Positives are Weighing Higher
Published on Oct 29, 2019.
On September 20th 2019, Finance Minister Nirmala Sitharaman surprised the street with the steepest cut in Corporate Tax Rates ever. This was a booster for the falling stock market as the profit estimates revised immediately. Stock markets immediately reacted and gained more than 8% in two days only.
The Nifty closed at 10704 on September 19th, the closing of 23rd September, after 2 market days, was 11600, an absolute rise of 8.3% in two days. This was the second biggest move in Nifty in last 10 years.We have gone back to the first such move to understand the aftermath of such a massive buying. On 18th May 2009, the Nifty closed at 4323 up from the previous day’s closing of 3671, a massive gain of 17.76% in absolute terms after the announcement of UPA 2 forming the government at centre. This is a well know fact, but what happened afterwards is more interesting –
|Date||Period||Nifty Closing||Absolute Return|
|18th May 2009||1 Day||4323||17.76%|
|23rd Nov 2009||6 Months from closing of 18th May 2009||5103||18.04%|
|05th Nov 2010||1.5 Years from the closing of 18th May 2009||6312||46.01%|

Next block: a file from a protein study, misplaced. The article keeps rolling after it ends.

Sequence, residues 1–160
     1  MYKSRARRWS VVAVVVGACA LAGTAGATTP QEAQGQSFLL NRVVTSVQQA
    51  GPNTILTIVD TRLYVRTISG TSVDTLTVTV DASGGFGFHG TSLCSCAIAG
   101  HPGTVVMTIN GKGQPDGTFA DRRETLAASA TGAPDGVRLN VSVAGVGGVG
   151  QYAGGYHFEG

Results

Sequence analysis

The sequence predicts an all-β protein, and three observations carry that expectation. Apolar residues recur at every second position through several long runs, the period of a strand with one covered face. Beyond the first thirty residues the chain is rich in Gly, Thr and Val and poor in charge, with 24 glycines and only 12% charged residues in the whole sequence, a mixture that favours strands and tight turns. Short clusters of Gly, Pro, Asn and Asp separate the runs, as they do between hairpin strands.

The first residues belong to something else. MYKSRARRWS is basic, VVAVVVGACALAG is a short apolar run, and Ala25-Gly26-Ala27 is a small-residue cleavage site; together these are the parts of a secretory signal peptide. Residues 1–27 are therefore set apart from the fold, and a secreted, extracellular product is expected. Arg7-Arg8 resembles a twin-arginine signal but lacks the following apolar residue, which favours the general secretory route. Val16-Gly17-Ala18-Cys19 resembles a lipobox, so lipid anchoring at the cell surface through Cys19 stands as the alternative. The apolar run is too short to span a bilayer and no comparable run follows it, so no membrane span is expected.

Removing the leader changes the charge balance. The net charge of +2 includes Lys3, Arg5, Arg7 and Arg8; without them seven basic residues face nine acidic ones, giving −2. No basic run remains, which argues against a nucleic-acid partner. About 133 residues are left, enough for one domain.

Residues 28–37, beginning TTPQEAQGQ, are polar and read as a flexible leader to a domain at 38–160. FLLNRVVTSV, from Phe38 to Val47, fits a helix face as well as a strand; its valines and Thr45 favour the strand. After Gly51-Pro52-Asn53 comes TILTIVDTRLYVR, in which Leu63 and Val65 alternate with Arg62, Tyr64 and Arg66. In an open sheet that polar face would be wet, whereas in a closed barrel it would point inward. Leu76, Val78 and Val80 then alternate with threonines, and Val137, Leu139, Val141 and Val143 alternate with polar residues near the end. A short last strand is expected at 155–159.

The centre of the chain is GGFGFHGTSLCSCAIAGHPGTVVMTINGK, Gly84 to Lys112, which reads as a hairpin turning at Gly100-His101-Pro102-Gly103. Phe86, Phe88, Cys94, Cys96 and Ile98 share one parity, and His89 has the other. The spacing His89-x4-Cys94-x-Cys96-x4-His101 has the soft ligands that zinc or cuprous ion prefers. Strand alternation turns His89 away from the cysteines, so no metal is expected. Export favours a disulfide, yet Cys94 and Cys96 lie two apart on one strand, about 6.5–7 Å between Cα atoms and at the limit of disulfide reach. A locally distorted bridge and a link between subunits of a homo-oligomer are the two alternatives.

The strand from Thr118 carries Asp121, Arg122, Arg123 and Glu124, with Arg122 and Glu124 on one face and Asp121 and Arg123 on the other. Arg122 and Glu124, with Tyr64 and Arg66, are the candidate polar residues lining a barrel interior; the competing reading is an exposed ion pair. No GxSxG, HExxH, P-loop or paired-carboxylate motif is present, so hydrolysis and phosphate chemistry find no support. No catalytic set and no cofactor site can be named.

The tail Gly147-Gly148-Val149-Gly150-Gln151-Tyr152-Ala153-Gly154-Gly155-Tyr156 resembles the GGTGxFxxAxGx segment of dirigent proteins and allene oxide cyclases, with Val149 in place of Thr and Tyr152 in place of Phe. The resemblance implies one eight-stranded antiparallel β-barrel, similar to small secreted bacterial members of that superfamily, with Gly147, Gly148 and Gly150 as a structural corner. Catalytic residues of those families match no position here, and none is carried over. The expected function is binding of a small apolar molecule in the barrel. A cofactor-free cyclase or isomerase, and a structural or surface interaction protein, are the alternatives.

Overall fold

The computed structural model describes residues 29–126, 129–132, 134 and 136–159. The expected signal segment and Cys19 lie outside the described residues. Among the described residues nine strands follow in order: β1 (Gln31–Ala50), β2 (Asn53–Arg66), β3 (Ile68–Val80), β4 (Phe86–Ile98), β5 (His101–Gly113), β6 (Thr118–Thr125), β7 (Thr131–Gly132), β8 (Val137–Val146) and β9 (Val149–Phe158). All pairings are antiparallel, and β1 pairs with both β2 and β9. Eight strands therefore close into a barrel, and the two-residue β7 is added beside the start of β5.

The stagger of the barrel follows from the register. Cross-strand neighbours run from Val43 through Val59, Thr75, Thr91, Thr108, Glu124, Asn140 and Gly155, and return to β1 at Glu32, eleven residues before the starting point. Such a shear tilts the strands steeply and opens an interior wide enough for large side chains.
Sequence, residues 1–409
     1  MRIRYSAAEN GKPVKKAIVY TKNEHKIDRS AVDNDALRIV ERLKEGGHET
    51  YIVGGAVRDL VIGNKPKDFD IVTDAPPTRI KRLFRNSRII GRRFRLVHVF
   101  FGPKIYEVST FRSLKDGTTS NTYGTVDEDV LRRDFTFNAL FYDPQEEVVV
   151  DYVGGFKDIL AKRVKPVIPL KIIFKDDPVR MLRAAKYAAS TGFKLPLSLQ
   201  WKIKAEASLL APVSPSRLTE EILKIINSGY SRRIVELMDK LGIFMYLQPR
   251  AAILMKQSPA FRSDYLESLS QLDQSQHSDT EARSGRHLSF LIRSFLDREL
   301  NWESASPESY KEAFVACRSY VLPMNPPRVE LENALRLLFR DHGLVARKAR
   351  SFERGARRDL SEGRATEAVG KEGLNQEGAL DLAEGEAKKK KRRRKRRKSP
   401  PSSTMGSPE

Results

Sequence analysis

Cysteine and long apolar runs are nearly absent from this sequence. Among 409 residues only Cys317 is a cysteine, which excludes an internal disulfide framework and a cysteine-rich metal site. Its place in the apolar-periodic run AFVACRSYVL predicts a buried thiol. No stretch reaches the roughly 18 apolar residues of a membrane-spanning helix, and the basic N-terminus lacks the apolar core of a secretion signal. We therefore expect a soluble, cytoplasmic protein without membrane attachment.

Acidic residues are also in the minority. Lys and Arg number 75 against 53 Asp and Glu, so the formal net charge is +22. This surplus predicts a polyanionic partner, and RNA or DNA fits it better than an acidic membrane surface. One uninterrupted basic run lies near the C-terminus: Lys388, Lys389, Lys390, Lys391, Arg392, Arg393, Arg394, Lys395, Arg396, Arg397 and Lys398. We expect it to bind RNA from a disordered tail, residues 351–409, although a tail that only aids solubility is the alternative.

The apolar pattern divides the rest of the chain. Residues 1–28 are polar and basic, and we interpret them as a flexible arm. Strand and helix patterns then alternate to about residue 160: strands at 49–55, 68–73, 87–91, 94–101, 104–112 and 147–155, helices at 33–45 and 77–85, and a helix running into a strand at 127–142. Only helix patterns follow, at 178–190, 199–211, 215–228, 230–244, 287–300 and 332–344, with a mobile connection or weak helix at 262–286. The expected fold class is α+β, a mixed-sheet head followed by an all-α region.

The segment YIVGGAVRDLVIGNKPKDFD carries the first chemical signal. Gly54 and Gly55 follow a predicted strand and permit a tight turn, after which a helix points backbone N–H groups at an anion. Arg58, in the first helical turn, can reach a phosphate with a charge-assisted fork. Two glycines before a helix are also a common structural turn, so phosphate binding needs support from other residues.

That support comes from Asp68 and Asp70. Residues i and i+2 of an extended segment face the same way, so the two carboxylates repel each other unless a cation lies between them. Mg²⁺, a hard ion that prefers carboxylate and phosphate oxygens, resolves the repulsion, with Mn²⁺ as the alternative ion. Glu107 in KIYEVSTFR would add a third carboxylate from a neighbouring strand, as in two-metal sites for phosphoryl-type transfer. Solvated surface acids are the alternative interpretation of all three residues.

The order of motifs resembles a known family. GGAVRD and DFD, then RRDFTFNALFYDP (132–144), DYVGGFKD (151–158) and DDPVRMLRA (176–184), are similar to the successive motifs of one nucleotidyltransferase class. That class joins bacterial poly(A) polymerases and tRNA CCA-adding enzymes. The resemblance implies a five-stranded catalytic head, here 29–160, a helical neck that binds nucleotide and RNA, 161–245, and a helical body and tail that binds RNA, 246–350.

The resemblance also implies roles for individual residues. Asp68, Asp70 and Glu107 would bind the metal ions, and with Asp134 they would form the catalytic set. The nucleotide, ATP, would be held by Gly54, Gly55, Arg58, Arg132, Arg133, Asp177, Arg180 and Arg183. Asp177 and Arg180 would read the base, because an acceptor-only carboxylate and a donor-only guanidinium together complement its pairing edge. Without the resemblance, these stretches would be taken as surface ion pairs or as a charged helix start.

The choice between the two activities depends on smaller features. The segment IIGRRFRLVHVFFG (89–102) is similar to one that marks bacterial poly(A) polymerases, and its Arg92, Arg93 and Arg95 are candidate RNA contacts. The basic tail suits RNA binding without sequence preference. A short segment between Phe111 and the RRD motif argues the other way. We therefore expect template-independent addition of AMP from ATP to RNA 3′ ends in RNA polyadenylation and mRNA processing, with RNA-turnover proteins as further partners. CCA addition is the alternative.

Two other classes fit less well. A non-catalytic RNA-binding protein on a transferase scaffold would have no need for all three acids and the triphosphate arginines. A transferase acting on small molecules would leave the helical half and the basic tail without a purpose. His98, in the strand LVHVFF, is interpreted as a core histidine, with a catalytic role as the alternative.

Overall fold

In 2009, it was the time when the aftershocks of the sub-prime crisis were still being felt, the economy outlook was looking doom, the fear overcame the rationale and valuations were deeply suppressed. The shadow banking crisis had hit economy bad in last 1 year yet the magnitude is not as high as the financial crisis of 2008 primarily being that global in nature, the inaction on the part of the government, was making the condition worst. The corporate tax rate cut has delivered a very important message that government has intent to fix the things right. This is what gives us comfort to get overweight again on domestic equities.
The Q2 Results session has been a mix so far with net profit growth of a sample of 69 companies in a study done by economics times; which declared results by 21st Sep, showing a profit growth of 12.5% YoY and revenue growth of 5.6%, low revenue growth is a concern as it highlights the slowing demand. We expect the government is targeting this with the next round of tax reforms that is expected to be announced in the next budget session or before that.
We think it’s time back for the equities, there are certainly concerns of fiscal slippage but government has tools to manage it, given the oil prices expected to remain benign for an extended period of time. There is a larger concern of global recession or the NBFC crisis further deepening, but we think we are months before for these events to unfold. For now, positives should weigh higher than negatives.